If you’ve reached the point where you’re ready to get a smart contract audit, then it is important to prepare correctly so that you can receive the most value from the audit. At a high level, the most important things you can do to prepare for a smart contract audit are:
A huge part of smart contract auditing is gaining a clear and deep understanding of the intended purpose of the system or platform. For example, if you’re building a Play-to-Earn GameFi platform, include detailed descriptions for the overall system and each supporting smart contract.
Your documentation should include a clear specification of your system's intended functionality, design decisions, considerations, and trade-offs. For each individual contract, you should clearly define the most important properties and the behaviours that should be maintained.
Time spent by you beforehand in creating clear documentation will result in a faster, higher-quality audit.
Even if you’re not a cybersecurity expert, you will likely still have a few areas of concern for your system. Are you worried about a potential exploit or does one part of your design worry you? If so, let the audit team know upfront.
It is very important to clean up your code before getting audited. This will save time and result in a faster, higher-quality smart contract audit. Run a linter on your code and fix any errors that come from it, address all compiler warnings, remove any code that isn’t needed, and address/remove any todo or fix indicators. Doing all of these things will result in a better audit experience.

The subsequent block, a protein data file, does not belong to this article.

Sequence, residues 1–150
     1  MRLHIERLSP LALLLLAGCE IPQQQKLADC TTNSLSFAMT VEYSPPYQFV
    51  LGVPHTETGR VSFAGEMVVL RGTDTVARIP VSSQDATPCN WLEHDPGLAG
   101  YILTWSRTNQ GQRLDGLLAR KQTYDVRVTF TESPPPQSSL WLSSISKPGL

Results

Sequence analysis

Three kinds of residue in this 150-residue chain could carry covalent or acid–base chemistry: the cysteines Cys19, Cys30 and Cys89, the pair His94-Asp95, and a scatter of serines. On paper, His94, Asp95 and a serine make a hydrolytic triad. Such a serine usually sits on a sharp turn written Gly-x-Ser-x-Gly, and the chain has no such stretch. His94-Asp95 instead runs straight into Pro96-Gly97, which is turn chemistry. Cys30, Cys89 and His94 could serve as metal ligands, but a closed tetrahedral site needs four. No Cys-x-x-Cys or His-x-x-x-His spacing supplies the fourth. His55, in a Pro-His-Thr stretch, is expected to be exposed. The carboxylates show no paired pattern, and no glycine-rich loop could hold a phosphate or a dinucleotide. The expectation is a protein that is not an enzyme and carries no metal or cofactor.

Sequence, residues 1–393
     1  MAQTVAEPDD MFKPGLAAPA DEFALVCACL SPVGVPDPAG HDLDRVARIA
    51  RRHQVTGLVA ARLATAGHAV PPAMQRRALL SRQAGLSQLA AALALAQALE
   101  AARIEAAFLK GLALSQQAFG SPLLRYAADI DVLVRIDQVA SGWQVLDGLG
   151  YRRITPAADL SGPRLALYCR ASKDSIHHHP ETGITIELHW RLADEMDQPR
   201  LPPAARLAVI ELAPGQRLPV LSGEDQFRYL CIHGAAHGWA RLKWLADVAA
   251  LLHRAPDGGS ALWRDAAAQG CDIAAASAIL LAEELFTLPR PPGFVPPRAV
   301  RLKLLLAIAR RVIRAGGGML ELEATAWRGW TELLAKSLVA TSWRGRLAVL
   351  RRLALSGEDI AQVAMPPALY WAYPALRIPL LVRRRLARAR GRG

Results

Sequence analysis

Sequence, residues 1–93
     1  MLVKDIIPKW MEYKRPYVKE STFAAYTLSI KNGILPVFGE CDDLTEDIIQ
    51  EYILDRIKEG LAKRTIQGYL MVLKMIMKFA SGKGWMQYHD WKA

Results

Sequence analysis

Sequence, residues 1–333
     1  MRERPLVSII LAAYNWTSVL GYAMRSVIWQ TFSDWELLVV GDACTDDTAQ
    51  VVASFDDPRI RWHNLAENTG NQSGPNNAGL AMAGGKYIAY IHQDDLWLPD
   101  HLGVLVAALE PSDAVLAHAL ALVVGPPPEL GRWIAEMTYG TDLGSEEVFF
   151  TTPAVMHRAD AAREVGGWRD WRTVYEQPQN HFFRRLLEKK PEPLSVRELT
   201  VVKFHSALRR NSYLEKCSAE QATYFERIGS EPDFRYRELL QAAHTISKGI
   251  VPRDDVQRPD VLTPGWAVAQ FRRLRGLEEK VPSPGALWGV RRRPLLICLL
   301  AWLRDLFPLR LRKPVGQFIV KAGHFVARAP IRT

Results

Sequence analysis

Freezing your code before auditing is very important. This is because any changes you make after the audit begins will not be included in the scope of the audit. You should halt development and relay a specific GitHub comment hash to begin the commencement of the audit. It’s important to remember that it is better to delay an audit until you are ready, rather than make changes to the code after the audit.
When building your project plan and launch date it is important to include time for potential fixes that will need to be made after the smart contract audit is complete. Until the audit has been carried out, you will not know what vulnerabilities or issues may arise. Some fixes may be small, but other vulnerabilities may require architectural changes to the codebase which will require time for restructuring and refactoring. This is why it’s key to bake in time after the initial audit to make sure you have time to properly address the required fixes and have them reviewed before you go live.
Smart contract audits are a key step to releasing a new blockchain platform and it is essential that you do the preparation work to ensure you get the most value from it. If you follow the steps outlined above, you will be in a position to have a great audit experience.
If you’re looking to get a smart contract audit or would like to learn more about the services that HYDN Security offer — get in touch with us today.